Being a Scrum practitioner and an “evangelist” of agile practices, I cannot help but notice the parallels between Agile approaches and recent leadership theory.
Key themes that exist within Scrum when you’re living it, are the self-organisation of the team, the role of Scrum master as a facilitator or service provider, and the product owner establishing and driving the vision of the solution.
These themes provide a fundamentally different environment for teams to exist in compared to more traditionally structured projects.
Transformational leadership as defined by Bass & Avolio is concerned with three distinct leadership traits:
- Charismatic/Inspirational - inspiring and aligning others by providing a common purpose allied with optimism about the ‘mission’ and its attainability
- Intellectual Stimulation – encouraging individuals to challenge the status quo, to consider problems from new or unique perspectives and to be innovative and creative
- Individualised Consideration – a genuine concern for individuals’ feelings, aspirations and development. They pay special attention to each individual’s needs for achievement and growth, they coach and mentor. Followers are treated differently and equitably.
Conversely Bass & Avolio describe Transactional Leadership as being concerned with:
- Contingent Reward – encouraging specific performance and behaviours by making rewards contingent on delivery
- Management by Exception – only intervening actively when a delegated task or function is failing to conform to expectations
The transformational elements abounded within the last project I was engaged in, and I believe it is through following the rules of Scrum that both the social and physical environments can be created that foster these traits.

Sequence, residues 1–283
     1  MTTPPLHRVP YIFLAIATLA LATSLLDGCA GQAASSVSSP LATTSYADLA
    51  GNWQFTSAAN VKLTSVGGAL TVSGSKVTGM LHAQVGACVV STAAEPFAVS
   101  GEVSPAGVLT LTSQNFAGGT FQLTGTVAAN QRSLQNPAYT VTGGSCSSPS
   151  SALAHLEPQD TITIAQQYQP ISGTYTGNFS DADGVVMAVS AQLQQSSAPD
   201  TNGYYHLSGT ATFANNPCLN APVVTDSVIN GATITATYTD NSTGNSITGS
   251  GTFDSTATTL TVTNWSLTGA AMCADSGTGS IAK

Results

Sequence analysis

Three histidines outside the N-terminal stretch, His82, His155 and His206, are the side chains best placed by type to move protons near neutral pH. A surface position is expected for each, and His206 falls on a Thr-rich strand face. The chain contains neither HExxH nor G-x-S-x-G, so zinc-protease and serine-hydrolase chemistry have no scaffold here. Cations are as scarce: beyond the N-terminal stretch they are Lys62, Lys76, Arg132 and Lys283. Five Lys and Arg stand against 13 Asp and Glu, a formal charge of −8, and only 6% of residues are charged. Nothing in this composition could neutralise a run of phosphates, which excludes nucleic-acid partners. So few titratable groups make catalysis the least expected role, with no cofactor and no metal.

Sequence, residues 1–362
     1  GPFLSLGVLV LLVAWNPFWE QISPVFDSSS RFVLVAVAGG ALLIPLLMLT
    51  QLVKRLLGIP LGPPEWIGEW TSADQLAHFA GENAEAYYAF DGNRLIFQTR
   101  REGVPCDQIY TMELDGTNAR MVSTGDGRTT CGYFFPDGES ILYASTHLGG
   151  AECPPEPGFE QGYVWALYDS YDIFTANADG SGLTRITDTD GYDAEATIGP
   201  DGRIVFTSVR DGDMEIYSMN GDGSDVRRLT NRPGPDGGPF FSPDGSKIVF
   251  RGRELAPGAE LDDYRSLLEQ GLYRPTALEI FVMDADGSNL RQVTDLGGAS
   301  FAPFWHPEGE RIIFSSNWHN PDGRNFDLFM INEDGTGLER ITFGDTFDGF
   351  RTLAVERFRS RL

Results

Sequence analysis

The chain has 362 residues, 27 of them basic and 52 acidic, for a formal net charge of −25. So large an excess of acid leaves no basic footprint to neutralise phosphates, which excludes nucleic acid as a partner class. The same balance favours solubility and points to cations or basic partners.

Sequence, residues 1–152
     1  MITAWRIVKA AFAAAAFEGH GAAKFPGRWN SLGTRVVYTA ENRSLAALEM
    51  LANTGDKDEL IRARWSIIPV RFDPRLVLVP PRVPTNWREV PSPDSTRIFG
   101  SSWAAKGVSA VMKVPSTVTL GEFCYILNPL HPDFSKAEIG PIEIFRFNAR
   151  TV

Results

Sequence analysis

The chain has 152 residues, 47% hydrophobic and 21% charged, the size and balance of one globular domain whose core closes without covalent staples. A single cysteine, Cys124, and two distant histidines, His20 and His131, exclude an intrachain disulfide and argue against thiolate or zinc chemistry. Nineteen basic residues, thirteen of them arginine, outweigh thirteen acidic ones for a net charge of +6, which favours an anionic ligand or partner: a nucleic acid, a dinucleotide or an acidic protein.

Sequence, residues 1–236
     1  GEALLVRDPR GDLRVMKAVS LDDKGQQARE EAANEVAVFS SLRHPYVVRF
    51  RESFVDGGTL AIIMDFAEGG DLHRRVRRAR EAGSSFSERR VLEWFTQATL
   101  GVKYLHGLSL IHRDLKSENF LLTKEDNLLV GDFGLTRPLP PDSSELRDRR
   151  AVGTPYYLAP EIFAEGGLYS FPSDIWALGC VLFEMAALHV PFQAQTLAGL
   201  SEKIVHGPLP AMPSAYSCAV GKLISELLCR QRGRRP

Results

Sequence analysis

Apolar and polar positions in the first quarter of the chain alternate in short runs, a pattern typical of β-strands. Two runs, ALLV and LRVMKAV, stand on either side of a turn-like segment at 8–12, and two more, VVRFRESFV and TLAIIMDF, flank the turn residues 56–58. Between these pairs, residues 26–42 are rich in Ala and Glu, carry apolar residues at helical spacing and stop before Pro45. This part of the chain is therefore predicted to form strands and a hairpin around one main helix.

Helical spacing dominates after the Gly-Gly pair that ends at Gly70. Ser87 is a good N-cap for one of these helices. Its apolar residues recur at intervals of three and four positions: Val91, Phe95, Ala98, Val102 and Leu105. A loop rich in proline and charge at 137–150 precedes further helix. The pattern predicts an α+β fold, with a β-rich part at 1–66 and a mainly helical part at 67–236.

Many Agile guru’s have been expounding the benefits of agile approaches.
Through the studies of Bass & Avolio (1996) they made the following conclusion:
Transformational leadership has significantly greater impact than transactional leadership on the organisation, and produces the following advantages:
- Higher commitment, effort, performance and job satisfaction of followers
- Lower levels of stress and burn out
- Greater employee innovation, harmony & good citizenship
- Improved financial performance of organisations
Coincidentally, if I had to summarise the benefits of agile approaches it wouldn't be far away from these four points.
Transformational leadership is not something you can learn overnight, nor can it be taught. But… for those wanting to get the four key benefits I’ve detailed above, you could do a lot worse than following the Scrum methodology.
Scrum helps to create the environment within which a team (with supportive leadership) can grow and attain those benefits.